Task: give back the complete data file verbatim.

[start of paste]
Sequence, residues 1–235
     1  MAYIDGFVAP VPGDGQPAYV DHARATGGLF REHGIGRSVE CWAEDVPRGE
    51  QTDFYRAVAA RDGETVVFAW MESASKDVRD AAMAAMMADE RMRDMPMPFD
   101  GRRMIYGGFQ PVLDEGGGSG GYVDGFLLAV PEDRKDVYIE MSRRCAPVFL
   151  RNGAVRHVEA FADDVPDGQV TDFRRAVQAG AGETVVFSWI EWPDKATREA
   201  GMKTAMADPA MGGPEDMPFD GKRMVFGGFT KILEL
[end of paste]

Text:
Sequence, residues 1–235
     1  MAYIDGFVAP VPGDGQPAYV DHARATGGLF REHGIGRSVE CWAEDVPRGE
    51  QTDFYRAVAA RDGETVVFAW MESASKDVRD AAMAAMMADE RMRDMPMPFD
   101  GRRMIYGGFQ PVLDEGGGSG GYVDGFLLAV PEDRKDVYIE MSRRCAPVFL
   151  RNGAVRHVEA FADDVPDGQV TDFRRAVQAG AGETVVFSWI EWPDKATREA
   201  GMKTAMADPA MGGPEDMPFD GKRMVFGGFT KILEL